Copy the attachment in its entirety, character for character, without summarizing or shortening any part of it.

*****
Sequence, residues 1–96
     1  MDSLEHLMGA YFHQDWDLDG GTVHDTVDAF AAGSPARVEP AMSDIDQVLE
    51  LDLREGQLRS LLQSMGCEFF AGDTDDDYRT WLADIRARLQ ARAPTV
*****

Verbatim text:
Sequence, residues 1–96
     1  MDSLEHLMGA YFHQDWDLDG GTVHDTVDAF AAGSPARVEP AMSDIDQVLE
    51  LDLREGQLRS LLQSMGCEFF AGDTDDDYRT WLADIRARLQ ARAPTV